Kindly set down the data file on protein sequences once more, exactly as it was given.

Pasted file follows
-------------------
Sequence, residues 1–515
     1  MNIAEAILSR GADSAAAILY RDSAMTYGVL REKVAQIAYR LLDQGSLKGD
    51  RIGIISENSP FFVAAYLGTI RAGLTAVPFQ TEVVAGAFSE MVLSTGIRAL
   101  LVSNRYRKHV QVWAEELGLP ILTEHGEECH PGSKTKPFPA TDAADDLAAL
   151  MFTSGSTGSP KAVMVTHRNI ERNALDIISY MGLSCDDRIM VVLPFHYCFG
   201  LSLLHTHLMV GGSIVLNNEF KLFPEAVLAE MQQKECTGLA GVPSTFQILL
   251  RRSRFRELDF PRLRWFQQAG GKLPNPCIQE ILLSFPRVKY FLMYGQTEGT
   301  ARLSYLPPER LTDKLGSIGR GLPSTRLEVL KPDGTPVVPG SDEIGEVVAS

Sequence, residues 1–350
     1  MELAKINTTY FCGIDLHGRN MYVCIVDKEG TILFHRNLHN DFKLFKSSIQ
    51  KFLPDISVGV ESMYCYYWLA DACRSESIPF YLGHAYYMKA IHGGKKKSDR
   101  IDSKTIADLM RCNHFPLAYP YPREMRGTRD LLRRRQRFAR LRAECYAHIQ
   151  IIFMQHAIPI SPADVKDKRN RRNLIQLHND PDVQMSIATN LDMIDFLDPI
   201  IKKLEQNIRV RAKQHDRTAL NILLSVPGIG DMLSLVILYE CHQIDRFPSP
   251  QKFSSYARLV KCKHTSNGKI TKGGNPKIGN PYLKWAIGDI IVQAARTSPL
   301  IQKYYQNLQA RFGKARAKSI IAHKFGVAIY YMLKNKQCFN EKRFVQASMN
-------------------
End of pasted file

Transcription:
Sequence, residues 1–515
     1  MNIAEAILSR GADSAAAILY RDSAMTYGVL REKVAQIAYR LLDQGSLKGD
    51  RIGIISENSP FFVAAYLGTI RAGLTAVPFQ TEVVAGAFSE MVLSTGIRAL
   101  LVSNRYRKHV QVWAEELGLP ILTEHGEECH PGSKTKPFPA TDAADDLAAL
   151  MFTSGSTGSP KAVMVTHRNI ERNALDIISY MGLSCDDRIM VVLPFHYCFG
   201  LSLLHTHLMV GGSIVLNNEF KLFPEAVLAE MQQKECTGLA GVPSTFQILL
   251  RRSRFRELDF PRLRWFQQAG GKLPNPCIQE ILLSFPRVKY FLMYGQTEGT
   301  ARLSYLPPER LTDKLGSIGR GLPSTRLEVL KPDGTPVVPG SDEIGEVVAS

Sequence, residues 1–350
     1  MELAKINTTY FCGIDLHGRN MYVCIVDKEG TILFHRNLHN DFKLFKSSIQ
    51  KFLPDISVGV ESMYCYYWLA DACRSESIPF YLGHAYYMKA IHGGKKKSDR
   101  IDSKTIADLM RCNHFPLAYP YPREMRGTRD LLRRRQRFAR LRAECYAHIQ
   151  IIFMQHAIPI SPADVKDKRN RRNLIQLHND PDVQMSIATN LDMIDFLDPI
   201  IKKLEQNIRV RAKQHDRTAL NILLSVPGIG DMLSLVILYE CHQIDRFPSP
   251  QKFSSYARLV KCKHTSNGKI TKGGNPKIGN PYLKWAIGDI IVQAARTSPL
   301  IQKYYQNLQA RFGKARAKSI IAHKFGVAIY YMLKNKQCFN EKRFVQASMN